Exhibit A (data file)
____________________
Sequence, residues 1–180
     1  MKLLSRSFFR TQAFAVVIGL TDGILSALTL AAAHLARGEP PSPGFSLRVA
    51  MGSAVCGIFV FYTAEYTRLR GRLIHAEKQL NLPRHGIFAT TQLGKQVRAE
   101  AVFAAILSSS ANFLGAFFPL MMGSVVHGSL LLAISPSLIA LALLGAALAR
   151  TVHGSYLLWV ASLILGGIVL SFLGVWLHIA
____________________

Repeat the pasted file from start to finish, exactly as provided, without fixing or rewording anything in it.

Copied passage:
Sequence, residues 1–180
     1  MKLLSRSFFR TQAFAVVIGL TDGILSALTL AAAHLARGEP PSPGFSLRVA
    51  MGSAVCGIFV FYTAEYTRLR GRLIHAEKQL NLPRHGIFAT TQLGKQVRAE
   101  AVFAAILSSS ANFLGAFFPL MMGSVVHGSL LLAISPSLIA LALLGAALAR
   151  TVHGSYLLWV ASLILGGIVL SFLGVWLHIA